The Brazilian Air Force is part of the nine working groups of the Brazilian Space Program Development Committee—a creation of the federal government.
The Brazilian government created an inter-ministerial structure to enliven the aerospace sector. The Brazilian Space Program Development Committee (CDPEB, in Portuguese) brings together the ministries of Defense; Science, Technology, Innovation and Communications and Foreign Relations, among others. Its purpose is to analyze and present solutions, guidelines, and goals to boost the Brazilian Space Program (PEB, in Portuguese). The Institutional Security Cabinet of the Office of the President coordinates the new body.
The Brazilian Air Force (FAB, in Portuguese), tasked with promoting the Brazilian space sector, takes part in the nine working groups CDPEB set up to examine issues related to the industry, including satellite development, personnel restructuring, governance, PEB expansion, and technological safeguards with other countries. “FAB has technical representatives in the nine working groups, who coordinate and join in various discussions,” FAB Lieutenant General Luiz Fernando de Aguiar, chairman of the Space Systems Coordination and Implementation Committee (CCISE, in Portuguese), told Diálogo. “As such, the Air Force helps come up with the best alternative solutions to present the council of ministers.”
According to Lt. Gen. Aguiar, the new ministerial structure is of fundamental importance to the nation’s space industry. “Technologies, systems, and benefits acquired through our space programs cross over different areas of the government and require close coordination for resources to be efficiently applied,” he explained, adding that investments in the space industry are only possible through the participation of various ministries.
CCISE, which is directly connected to the first working group, deals with issues related to governance. “The purpose of this working group is to improve governance over the space industry through the establishment of the Space Executive Committee [CEE, in Portuguese] and the National Space Council [CNE, in Portuguese], which will be coordinated by the Executive Office of the President,” Lt. Gen. Aguiar said.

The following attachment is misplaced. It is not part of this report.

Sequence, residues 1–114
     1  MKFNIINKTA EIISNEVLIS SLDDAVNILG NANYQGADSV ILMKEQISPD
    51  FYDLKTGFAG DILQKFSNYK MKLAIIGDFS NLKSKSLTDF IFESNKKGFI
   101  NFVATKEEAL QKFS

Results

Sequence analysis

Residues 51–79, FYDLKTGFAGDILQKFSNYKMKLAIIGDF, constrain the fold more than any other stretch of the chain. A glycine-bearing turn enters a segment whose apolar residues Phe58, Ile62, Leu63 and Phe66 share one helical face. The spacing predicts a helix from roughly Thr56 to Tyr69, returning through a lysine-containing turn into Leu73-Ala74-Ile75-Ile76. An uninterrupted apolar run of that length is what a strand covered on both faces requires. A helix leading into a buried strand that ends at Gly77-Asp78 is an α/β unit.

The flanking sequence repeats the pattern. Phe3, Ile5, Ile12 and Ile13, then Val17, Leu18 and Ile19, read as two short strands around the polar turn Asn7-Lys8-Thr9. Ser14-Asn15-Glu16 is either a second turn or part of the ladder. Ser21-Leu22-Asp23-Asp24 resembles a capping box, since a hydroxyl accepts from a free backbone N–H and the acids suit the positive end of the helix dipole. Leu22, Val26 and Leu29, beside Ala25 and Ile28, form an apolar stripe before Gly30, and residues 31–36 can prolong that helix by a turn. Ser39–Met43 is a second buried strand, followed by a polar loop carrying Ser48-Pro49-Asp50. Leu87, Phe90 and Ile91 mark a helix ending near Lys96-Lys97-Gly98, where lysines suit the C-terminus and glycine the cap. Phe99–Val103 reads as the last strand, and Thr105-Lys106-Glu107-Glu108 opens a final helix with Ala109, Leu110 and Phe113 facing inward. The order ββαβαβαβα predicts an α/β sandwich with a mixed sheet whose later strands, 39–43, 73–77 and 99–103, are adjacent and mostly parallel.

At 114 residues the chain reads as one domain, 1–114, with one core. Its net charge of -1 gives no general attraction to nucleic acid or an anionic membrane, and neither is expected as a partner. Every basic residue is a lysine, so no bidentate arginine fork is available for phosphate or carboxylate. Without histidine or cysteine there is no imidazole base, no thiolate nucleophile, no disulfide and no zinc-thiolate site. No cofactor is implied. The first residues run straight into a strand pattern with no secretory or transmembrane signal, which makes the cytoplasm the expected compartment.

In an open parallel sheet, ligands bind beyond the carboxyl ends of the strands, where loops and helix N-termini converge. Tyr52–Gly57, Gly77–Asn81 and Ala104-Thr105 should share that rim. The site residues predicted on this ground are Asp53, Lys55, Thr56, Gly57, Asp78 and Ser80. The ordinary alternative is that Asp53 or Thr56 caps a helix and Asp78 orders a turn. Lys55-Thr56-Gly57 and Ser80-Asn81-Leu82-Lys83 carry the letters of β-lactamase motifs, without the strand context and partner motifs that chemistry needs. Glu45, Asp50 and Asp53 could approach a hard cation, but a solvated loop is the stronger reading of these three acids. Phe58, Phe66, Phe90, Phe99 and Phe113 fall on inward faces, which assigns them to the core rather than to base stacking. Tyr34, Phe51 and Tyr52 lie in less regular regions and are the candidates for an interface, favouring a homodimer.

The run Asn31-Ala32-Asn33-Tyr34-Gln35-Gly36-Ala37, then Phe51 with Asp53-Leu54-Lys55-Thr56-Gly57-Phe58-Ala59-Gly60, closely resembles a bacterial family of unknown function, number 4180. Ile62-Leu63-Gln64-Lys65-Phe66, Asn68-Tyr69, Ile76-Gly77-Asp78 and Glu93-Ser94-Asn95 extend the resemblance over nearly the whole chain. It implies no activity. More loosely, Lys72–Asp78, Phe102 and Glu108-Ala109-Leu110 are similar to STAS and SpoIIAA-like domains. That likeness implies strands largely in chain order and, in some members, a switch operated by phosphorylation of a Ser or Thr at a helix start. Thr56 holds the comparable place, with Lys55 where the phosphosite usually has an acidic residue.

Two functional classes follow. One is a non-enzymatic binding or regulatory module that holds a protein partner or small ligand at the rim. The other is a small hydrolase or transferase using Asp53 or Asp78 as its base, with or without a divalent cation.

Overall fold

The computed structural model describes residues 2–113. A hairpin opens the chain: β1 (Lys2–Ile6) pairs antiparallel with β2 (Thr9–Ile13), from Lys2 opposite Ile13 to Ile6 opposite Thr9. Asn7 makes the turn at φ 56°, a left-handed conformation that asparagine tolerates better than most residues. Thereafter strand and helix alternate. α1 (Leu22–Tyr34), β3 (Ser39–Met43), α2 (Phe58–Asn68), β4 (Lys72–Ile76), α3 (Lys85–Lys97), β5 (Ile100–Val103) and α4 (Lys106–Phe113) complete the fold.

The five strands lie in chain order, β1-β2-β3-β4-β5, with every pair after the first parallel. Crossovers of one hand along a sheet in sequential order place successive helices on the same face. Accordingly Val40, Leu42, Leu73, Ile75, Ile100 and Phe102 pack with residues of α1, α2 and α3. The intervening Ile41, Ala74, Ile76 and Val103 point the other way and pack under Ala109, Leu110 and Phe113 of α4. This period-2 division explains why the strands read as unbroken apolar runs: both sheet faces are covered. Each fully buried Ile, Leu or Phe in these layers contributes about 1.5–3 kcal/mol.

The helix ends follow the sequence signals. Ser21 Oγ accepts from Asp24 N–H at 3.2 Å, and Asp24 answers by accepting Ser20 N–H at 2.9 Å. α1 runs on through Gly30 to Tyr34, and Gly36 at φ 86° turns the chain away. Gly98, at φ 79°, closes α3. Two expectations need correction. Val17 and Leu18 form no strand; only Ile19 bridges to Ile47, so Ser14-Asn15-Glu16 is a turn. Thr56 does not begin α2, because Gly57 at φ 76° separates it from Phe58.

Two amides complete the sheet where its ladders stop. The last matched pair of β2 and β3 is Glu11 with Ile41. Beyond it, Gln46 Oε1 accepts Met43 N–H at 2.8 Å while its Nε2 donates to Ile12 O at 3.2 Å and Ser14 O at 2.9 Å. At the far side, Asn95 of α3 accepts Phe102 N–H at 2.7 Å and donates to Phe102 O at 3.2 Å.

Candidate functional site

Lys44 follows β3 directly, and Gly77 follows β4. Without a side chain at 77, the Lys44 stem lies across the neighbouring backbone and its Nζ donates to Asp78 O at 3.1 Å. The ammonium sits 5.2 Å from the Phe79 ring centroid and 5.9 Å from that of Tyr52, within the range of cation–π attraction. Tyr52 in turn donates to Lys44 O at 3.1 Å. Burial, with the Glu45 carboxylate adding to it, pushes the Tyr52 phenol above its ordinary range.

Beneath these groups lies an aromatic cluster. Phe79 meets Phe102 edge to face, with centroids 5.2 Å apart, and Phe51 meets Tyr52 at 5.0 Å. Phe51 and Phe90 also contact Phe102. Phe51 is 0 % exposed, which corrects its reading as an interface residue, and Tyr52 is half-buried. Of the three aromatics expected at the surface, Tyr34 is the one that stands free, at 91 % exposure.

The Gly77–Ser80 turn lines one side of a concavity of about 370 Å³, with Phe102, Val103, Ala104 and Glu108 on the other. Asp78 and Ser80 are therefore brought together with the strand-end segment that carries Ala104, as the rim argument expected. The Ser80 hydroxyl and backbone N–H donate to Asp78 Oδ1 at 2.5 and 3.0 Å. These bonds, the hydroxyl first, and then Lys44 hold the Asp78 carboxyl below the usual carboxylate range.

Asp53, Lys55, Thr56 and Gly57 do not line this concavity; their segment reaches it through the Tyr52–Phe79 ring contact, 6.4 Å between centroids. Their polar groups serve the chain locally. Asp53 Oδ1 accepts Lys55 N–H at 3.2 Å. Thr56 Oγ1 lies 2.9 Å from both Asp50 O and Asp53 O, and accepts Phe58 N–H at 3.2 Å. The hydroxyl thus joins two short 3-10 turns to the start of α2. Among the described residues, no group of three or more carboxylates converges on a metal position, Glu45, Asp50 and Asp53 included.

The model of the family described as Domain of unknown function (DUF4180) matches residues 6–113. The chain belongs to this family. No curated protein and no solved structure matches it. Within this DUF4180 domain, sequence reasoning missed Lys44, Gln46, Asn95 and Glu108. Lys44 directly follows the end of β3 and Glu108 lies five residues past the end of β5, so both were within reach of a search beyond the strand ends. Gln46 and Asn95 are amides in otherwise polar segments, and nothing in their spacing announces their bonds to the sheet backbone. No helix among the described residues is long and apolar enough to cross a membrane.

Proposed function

The new governance is expected to increase in the number of PEB-related priority issues on government agendas, ensuring greater stability in the allocation of resources, as well as an optimal level of investment for development. “The work of CEE and CNE will extend the scope of the Brazilian Space Agency’s coordinated actions, and the agency will begin reporting to the Executive Office of the President, facilitating the kinds of multi-sector decisions needed to ensure that its actions are carried out in the space industry,” Lt. Gen. Aguiar said.
CDPEB’s initiatives will bolster PEB to set agendas and ensure speedy solutions to structural problems. “One example is to lower the barriers hindering international negotiations,” Lt. Gen. Aguiar said, adding that the committee plans for safeguard agreements with other nations. “The solutions found will facilitate space sector agreements with other nations, contributing to improved results in product delivery.”
Lt. Gen. Aguiar also noted that CDPEB will create more suitable conditions for private companies in the industry. “The founding of Alada – Brazilian Aerospace Projects Corporation, S.A., a public company under FAB, will facilitate private companies’ access to launch center laboratories and infrastructure,” he said. Solving problems related to safeguarding agreements and land issues, he added, and the founding of Alada, can stimulate the sector, by expediting the operations of private entities at the Alcântara Launch Center (CLA, in Portuguese), among others. “CLA becomes increasingly viable and advantageous for Brazil, bringing wealth and quality jobs to the local population,” he said.